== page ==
|A. feayi Chapm. ex A. Gray||Fishbein 5586 [OKLA]||329||5.71||42||0.73||SRS721484|
|A. fournieri Woodson||Fishbein 3660 [ARIZ]||556||9.58||47||0.81||SRS721530|
|A. fournieri||Lynch 1655 [OKLA]||711||12.25||49||0.84||SRS721485|
|A. glaucescens Kunth||Lynch 14142 [OKLA]||190||3.33||19||0.33||SRS721486|
|A. glaucescens||Lynch 1623 [OKLA]||90||1.69||85||1.6||SRS721487|
|A. glaucescens||Fishbein 5097 [OKLA]||215||3.72||18||0.31||SRS721488|
|A. sp. nov. aff. glaucescens||Fishbein 3671 [ARIZ]||225||3.87||25||0.43||SRS721490|
|A. hallii A. Gray||Lynch 11299 [OKLA]||600||10.36||54||0.93||SRS721449|
|A. humistrata Walter||Fishbein 5596 [OKLA]||331||5.67||13||0.22||SRS721489|
|A. hypoleuca (A. Gray) Woodson||Lynch 11374 [OKLA]||670||11.51||44||0.76||SRS721491|
|A. incarnata L.||Lynch 12567 [OKLA]||434||7.45||28||0.48||SRS721492|
|A. involucrata Engelm. ex Torr.||Lynch 12050 [OKLA]||326||5.65||35||0.61||SRS721494|
|A. involucrata||Fishbein 6531 [OKLA]||217||3.72||13||0.22||SRS721493|
|A. jaliscana B.L. Rob.||Fishbein 2493 [ARIZ]||140||2.97||74||1.57||SRS721495|
|A. jaliscana||Fishbein 3657 [WS]||165||3||65||1.18||SRS721496|
|A. jorgeana Fishbein & S.P. Lynch||Vásquez & Alvarez 4905 [IEB]||160||2.76||12||0.21||SRS721497|
|A. lanceolata Walter||Fishbein 5605 [MISSA]||249||4.27||8||0.14||SRS721498|
|A. lanuginosa Nutt.||Lynch 12661 [OKLA]||343||5.92||11||0.19||SRS721499|
|A. latifolia (Torr.) Raf.||Lynch 11018 [OKLA]||236||4.05||11||0.19||SRS721500|
|A. lemmonii A. Gray||Lynch 11453 [OKLA]||620||10.7||23||0.4||SRS721501|
|A. leptopus I.M. Johnst.||Fishbein 6263 [OKLA]||282||4.84||9||0.15||SRS721502|
|A. longifolia Michx.||Lynch 12447 [OKLA]||427||7.34||24||0.41||SRS721503|
|A. lynchiana Fishbein||Venable & Becerra s.n. [ARIZ]||129||2.39||31||0.57||SRS721504|
|A. macrosperma Eastw.||Gierisch 4191 [ARIZ]||76||1.42||30||0.56||SRS721505|
|A. macrosperma||Fishbein 6518 [OKLA]||391||6.72||21||0.36||SRS721506|
|A. macrotis Torr.||Lynch 11260 [OKLA]||364||6.27||11||0.19||SRS721507|
|A. macrotis||Lynch 11263 [OKLA]||260||4.46||5||0.09||SRS721508|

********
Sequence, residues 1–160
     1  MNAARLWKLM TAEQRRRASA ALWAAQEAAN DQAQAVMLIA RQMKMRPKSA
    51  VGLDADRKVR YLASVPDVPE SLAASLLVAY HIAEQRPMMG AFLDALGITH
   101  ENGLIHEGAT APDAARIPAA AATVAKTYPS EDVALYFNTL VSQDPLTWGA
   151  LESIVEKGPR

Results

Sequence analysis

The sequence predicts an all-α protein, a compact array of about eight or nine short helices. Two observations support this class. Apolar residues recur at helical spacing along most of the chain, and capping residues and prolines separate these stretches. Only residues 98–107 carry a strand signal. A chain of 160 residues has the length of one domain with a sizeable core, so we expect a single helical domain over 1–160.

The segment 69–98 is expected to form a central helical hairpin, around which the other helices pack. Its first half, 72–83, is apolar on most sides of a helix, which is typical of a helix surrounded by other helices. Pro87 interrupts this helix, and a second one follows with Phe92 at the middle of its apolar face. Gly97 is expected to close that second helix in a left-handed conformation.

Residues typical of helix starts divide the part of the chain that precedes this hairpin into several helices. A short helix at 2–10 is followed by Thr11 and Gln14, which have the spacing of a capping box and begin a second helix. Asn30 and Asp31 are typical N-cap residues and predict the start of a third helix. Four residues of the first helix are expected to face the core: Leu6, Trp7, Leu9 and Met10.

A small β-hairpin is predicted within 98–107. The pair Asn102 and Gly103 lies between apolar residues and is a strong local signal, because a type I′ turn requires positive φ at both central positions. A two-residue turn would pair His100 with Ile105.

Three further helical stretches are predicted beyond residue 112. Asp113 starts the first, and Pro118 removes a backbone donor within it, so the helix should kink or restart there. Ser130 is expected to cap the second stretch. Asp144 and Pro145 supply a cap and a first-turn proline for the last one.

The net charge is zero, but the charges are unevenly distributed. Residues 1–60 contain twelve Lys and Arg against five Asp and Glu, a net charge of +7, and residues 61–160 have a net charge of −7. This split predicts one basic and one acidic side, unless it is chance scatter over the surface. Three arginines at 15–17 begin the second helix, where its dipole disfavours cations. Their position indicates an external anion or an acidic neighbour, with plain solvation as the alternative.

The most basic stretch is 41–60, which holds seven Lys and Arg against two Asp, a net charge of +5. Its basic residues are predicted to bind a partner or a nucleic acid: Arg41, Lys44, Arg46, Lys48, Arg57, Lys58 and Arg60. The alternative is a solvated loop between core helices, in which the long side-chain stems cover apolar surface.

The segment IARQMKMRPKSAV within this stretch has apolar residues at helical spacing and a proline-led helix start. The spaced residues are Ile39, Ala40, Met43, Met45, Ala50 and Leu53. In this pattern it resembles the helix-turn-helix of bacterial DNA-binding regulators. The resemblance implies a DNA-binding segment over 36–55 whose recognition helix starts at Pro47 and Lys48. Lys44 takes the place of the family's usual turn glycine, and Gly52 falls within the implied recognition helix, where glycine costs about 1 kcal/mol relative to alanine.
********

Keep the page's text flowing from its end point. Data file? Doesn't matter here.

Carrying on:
|A. masonii Woodson||Fishbein 3101 [OKLA]||151||2.59||7||0.12||SRS721509|
|A. meadii Torr. ex A. Gray||Freeman 9106 [KANU]||208||3.62||20||0.35||SRS721510|
|A. mellodora A. St.-Hil.||Zuloaga & Morrone 7168 [OKLA]||377||6.47||18||0.31||SRS721511|
|A. mexicana Cav.||Fishbein 3009 [ARIZ]||186||3.22||18||0.31||SRS721513|
|A. michauxii Decne.||Lynch 12316 [OKLA]||458||7.87||39||0.67||SRS721512|
|A. notha W.D. Stevens||Lynch 14113 [OKLA]||375||6.45||44||0.76||SRS721515|
|A. notha||Fishbein 5389 [OKLA]||249||4.31||41||0.71||SRS721514|
|A. notha||Nee 32966 [NY]||432||7.47||17||0.29||SRS721516|
|A. sp. nov. cf. notha||Fishbein 5816 [OKLA]||376||6.45||16||0.27||SRS721517|
|A. nyctaginifolia A. Gray||Fishbein 6268 [OKLA]||109||1.92||23||0.4||SRS721518|
|A. obovata Elliott||Lynch 11543 [OKLA]||708||12.75||87||1.57||SRS721450|
|A. oenotheriodes Schltdl. & Cham.||Fishbein 5819 [OKLA]||230||3.95||15||0.26||SRS721519|
|A. oenotheroides||Lynch 13339 [OKLA]||100||1.74||16||0.28||SRS721521|
|A. oenotheroides||Lynch 11477 [OKLA]||134||2.3||7||0.12||SRS721523|
|A. otarioides E. Fourn.||Bellsey 97-5 [ARIZ]||745||12.8||35||0.6||SRS721520|
|A. otarioides||Lynch 1533 [OKLA]||659||11.32||20||0.34||SRS721522|
|A. otarioides||Fishbein 5857 [OKLA]||697||11.95||48||0.82||SRS721524|
|A. ovalifolia Decne.||Lynch 13546 [OKLA]||333||5.91||42||0.75||SRS721525|
|A. ovata M. Martens & Galeotti||Laferrière 1478 [MO]||324||5.59||39||0.67||SRS721526|
|A. pellucida E. Fourn.||Fishbein 5136 [OKLA]||439||7.53||9||0.15||SRS721527|
|A. perennis Walter||Lynch 12408 [OKLA]||356||6.11||15||0.26||SRS721529|
|A. pilgeriana Schltr. (“flava” in Fishbein et al., 2011)||Zuloaga & Morrone 7069 [OKLA]||458||7.85||23||0.39||SRS721528|
|A. pratensis Benth.||Fishbein 5143 [OKLA]||410||7.11||29||0.5||SRS721531|
|A. pratensis||Pérez 1850 [MO]||609||10.49||34||0.59||SRS721532|
|A. prostrata W.H. Blackw.||Fishbein 2432 [ARIZ]||465||7.99||41||0.7||SRS721533|
|A. purpurascens L.||Lynch 12847 [OKLA]||233||4.05||22||0.38||SRS721534|